Oakland startup looks to create innovative solar financing solution
Solar energy is quickly becoming one of the hottest buzzwords in construction and real estate, as residents and businesses alike look to lower their energy outputs and use more environmentally friendly solutions. One of the up-and-coming leaders in this department is Mosaic, a solar financing startup based out of Oakland, according to The Oakland Tribune. With a unique program that enables people to invest their own money in solar energy projects large and small, Mosaic is further evidence of an overall green shift in the city and among its citizenry. Environmentally conscious families looking to live in a similar community should consider looking at one of the homes for sale in Oakland.
Mosaic has a stated goal of becoming "Kickstarter for solar," the news source reports. However, while Kickstarter - an online platform for funding all sorts of creative projects - relies solely on donations, Mosaic has created a slightly different financial model. According to the news source, Mosaic has promised to pay back all investors in their various solar energy projects with interest rates that can vary from project to project. The minimum amount needed to invest in a project funded by the startup is $25.
The most recent successful financing project from the startup occurred at the Youth Employment Partnership (YEP), Oakland's largest youth employment training agency. The news source reports that 51 individual investors collaborated to raise $40,325, which was used to purchase and install solar panels at YEP. Experts have projected that with the installation of the panels, YEP could save more than $60,000 in reduced electricity costs over the lifetime of the project. Under the terms of the contract, the organization will be leasing the solar system from Mosaic in exchange for monthly payments based on how much electricity is actually generated.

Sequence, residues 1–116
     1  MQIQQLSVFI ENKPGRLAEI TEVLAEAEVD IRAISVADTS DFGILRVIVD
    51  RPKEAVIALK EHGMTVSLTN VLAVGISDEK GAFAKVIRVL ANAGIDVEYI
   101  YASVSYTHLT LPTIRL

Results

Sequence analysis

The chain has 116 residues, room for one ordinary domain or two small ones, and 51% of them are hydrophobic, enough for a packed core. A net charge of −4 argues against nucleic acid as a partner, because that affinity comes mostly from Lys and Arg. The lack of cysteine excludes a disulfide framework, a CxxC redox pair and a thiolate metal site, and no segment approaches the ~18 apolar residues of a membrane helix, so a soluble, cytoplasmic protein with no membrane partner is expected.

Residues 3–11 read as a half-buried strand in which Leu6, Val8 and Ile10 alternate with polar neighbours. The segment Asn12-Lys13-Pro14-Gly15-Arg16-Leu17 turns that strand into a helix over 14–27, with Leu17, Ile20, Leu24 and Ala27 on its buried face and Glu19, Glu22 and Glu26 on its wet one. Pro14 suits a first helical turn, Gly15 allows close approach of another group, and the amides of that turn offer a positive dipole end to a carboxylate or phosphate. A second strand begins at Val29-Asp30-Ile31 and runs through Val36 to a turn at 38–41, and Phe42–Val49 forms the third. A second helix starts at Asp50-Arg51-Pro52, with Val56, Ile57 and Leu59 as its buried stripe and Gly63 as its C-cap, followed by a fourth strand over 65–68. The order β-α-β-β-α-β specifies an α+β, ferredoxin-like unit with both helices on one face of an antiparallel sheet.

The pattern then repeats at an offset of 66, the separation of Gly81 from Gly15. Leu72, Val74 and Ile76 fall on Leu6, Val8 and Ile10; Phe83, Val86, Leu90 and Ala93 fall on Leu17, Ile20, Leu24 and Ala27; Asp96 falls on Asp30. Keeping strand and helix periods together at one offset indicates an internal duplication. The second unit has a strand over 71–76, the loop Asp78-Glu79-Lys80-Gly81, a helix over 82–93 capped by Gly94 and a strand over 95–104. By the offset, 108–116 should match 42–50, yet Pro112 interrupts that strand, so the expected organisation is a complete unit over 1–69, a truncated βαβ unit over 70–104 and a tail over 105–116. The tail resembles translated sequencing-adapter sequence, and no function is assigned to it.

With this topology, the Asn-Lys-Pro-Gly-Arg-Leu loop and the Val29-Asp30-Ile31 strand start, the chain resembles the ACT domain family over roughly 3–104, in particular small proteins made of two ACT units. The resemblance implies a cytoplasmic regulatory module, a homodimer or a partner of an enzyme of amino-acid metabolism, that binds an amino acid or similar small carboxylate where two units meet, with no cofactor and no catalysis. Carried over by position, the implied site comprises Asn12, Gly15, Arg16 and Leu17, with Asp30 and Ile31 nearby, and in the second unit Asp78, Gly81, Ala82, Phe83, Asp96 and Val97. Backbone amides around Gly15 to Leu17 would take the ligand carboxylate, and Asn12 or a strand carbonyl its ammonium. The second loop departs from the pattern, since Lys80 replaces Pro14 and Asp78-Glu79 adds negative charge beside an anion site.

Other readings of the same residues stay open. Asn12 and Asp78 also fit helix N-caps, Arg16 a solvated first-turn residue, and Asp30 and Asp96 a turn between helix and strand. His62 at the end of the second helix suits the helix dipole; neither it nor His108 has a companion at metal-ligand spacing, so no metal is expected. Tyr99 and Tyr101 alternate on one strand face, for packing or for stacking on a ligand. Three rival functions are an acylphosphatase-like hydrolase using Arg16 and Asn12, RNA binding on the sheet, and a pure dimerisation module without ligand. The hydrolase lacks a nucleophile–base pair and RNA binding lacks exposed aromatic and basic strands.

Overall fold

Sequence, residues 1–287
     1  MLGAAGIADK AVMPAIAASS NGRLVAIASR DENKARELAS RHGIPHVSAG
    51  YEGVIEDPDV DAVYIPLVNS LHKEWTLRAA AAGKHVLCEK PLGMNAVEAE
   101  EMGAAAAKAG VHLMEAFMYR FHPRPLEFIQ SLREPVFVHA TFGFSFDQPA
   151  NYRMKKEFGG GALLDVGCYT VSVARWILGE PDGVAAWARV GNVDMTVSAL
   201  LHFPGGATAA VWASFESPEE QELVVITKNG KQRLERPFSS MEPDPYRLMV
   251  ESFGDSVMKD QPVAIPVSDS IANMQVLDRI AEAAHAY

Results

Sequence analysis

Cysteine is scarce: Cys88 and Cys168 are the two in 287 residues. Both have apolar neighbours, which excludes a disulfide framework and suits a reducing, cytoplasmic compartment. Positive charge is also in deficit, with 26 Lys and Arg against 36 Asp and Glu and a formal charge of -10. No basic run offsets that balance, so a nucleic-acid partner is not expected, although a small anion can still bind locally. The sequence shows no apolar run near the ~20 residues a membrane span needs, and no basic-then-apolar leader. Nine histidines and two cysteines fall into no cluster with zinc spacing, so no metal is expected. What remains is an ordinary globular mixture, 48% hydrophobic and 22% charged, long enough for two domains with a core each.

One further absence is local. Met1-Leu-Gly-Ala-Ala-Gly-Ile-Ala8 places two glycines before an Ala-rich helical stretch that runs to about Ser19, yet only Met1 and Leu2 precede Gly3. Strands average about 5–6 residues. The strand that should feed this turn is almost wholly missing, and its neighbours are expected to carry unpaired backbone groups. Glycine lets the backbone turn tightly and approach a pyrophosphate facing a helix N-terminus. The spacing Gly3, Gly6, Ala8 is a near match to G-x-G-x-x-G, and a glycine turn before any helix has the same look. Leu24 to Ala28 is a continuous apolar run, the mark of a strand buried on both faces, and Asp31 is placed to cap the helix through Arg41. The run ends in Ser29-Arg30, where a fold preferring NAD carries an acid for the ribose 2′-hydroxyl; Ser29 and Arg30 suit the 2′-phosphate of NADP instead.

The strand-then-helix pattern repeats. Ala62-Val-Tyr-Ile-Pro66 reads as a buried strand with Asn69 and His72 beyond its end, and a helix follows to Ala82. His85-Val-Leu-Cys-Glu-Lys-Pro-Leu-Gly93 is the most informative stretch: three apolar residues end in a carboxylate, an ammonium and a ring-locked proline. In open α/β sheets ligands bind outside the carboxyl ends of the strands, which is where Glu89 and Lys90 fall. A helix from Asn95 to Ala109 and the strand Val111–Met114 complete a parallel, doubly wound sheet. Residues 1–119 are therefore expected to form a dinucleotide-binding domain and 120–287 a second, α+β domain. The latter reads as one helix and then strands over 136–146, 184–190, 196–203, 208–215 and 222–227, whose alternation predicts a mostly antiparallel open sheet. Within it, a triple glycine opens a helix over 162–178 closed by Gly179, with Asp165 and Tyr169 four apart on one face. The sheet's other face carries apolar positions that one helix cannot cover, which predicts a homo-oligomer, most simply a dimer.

"We've chosen to bank on the sun," Steve Richmond, Mosaic's chief financial officer, told the news source. "The sun comes out, and the solar panels create electricity. We buy it at a cheaper price than we can from the utility, and our investors make a return, We want to fund projects like this every week."
So far, some of the startup's solar financing projects have included installations on the roofs of the People's Grocery in West Oakland and the Asian Resource Center in Chinatown. The startup looks to move into the residential realm, where solar power is quickly becoming a popular choice.
According to the San Francisco Chronicle, third-party-owned solar power has transformed California's residential solar industry in recent years. Homeowners can pay for the monthly use of a photovoltaic system to harness the power of the sun for their home's energy needs, all without the expensive up-front costs needed to generate such systems. These arrangements are typically offered up as solar service bundle packages, with the company owning the panels also taking care of permits, installation, maintenance and insurance.
While homeowners and the environment are the big winners through these types of programs - by saving money and not putting unnecessary stress on the planet's resources - the companies behind these programs also stand to benefit. According to the news source, California Solar Initiative rebates for solar system installations in the Bay Area amount to 20 cents per watt, which is roughly $1,000 for an average-sized system. Over the lifetime of the agreement with homeowners, the company stands to save a substantial amount from government rebates.